Poison ivy vines
creep up the limbs
of the dying oak tree,
claim the walls
A loose shutter
groans and creaks
in the autumn breeze,
a hawk calls.
Sunlight barely dazzles
the fallen glass shards
from a broken window,
the once-firm foothold
hangs on a rusty nail.
At the base of the tree
a deflated kickball speaks
of childhood memories made
Only the earth really knows
how to move on
how to create
HOW TO CHOOSE A TOMATO
My mother slips her hands into gardening
Gloves bought at the dollar store downtown,
Pulls weeds from her vegetable garden
In the far corner of the back yard.
She plucks tomatoes from the vines
To fill her wicker basket, walks past
Repurposed pickle jars of black tea brewing
In the sun, comes into the house.
The tomatoes, smaller than the ones we get
At the market, she lifts from the basket
And sets on the window sill,
Cracked white paint baring old wood.
Making dinner, my mother asks me
To pick a tomato for the salad,
So I choose and hand her one:
Green, lumpy, hard.
Her brow wrinkles, and she turns away.
She chops onions, cucumbers, peppers.
I hold the tomato, the one I chose.
A fly buzzes near the window screen.
From the ledge, she takes another tomato:
Red, round, firm. Her knife
Slices through flesh, the juice bleeds
Onto the wood cutting board.
Adding the chopped tomato to the salad,
She wipes her hands on a graying
Kitchen towel, takes the green tomato
From my hands, cuts and serves it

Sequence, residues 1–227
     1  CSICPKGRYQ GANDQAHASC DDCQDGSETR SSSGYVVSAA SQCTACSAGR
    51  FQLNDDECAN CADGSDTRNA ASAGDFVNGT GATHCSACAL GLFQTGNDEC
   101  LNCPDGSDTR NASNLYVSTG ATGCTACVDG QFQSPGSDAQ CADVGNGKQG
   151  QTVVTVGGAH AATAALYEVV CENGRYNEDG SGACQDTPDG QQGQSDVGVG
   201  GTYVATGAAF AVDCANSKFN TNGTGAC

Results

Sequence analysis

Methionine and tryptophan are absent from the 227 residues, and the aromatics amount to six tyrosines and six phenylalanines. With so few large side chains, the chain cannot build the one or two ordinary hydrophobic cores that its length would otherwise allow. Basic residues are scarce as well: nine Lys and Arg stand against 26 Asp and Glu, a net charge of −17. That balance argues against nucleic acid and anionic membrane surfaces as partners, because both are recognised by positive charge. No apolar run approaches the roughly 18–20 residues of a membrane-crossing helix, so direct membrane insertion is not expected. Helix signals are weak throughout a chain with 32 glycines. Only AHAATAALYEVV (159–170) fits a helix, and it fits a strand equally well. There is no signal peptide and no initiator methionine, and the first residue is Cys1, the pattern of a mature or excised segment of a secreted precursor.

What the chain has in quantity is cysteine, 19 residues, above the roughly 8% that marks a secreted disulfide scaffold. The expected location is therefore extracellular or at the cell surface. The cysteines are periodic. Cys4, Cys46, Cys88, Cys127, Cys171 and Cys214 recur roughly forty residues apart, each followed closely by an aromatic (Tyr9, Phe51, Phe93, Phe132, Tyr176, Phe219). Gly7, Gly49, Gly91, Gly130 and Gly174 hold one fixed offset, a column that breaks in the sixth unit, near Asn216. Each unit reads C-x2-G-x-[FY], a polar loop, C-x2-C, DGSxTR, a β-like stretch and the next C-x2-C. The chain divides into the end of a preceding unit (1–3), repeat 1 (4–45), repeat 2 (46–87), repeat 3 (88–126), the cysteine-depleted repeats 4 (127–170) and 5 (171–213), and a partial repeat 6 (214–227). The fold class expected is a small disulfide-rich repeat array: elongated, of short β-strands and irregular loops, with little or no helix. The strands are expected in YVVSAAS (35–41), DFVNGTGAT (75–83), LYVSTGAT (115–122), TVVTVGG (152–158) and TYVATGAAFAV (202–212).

Onto her own plate.
Tomorrow I will pull winter-dead dahlias
from the backyard flower beds
stuff dry heads and frostbitten stems
into brown paper lawn bags
for the city to collect and dump.
Tomorrow I will rake leaves that have fallen
from my next-door neighbor’s oak tree
steady myself on a telescoping ladder
pull fly-aways out of the gutters.
Tomorrow I will go over to Gray’s Florist
put in my annual order for two grave blankets
that I will stake to the cold hard earth
over my resting parents, both gone too soon.
Tomorrow I will make that appointment
for the radiologist to image
the newest lump in my breast
recite the group number on my Aetna card
to a salty receptionist.
Tomorrow I will drive into town
sit with an insurance broker
try to decide how much this life is worth
what premium I’m willing to pay.
But today, I’m going to make us coffee
fresh grinds aromatic and dark
later we’ll head to Duke Farms
stroll through acres of grass
that is still so sharp so green
And we’ll be arrested by orchids
in the greenhouse range
humid heat thawing all that had been cold
fragrant Zygopetalum pulsing the air
a lone frog in the pond
We’ll get lost on the trails
even though we have a map
cattails reaching well above our heads
Now, curled in bed, I sling my arm
around your waist
press my face in the nook
between your shoulder blades
in the morning
you smell of new earth
CHRISTINE TAYLOR, a multiracial English teacher and librarian, resides in her hometown Plainfield, New Jersey. She is the EIC of Kissing Dynamite: A Journal of Poetry and assistant editor at Human/Kind Journal. Christine has been nominated for the Pushcart Prize, and her work appears in Modern Haiku, Glass, Room, and The Rumpus, among others. She can be found at www.christinetayloronline.com.